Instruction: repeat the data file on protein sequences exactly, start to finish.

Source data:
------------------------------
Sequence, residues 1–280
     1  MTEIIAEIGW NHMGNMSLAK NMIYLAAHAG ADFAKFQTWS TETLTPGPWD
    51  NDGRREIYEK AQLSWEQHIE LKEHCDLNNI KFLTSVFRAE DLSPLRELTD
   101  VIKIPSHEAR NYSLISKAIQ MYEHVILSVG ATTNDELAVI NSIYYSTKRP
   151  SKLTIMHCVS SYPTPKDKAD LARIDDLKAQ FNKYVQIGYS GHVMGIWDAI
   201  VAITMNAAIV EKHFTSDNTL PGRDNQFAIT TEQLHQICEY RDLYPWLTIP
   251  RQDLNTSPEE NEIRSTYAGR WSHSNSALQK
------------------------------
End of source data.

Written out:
Sequence, residues 1–280
     1  MTEIIAEIGW NHMGNMSLAK NMIYLAAHAG ADFAKFQTWS TETLTPGPWD
    51  NDGRREIYEK AQLSWEQHIE LKEHCDLNNI KFLTSVFRAE DLSPLRELTD
   101  VIKIPSHEAR NYSLISKAIQ MYEHVILSVG ATTNDELAVI NSIYYSTKRP
   151  SKLTIMHCVS SYPTPKDKAD LARIDDLKAQ FNKYVQIGYS GHVMGIWDAI
   201  VAITMNAAIV EKHFTSDNTL PGRDNQFAIT TEQLHQICEY RDLYPWLTIP
   251  RQDLNTSPEE NEIRSTYAGR WSHSNSALQK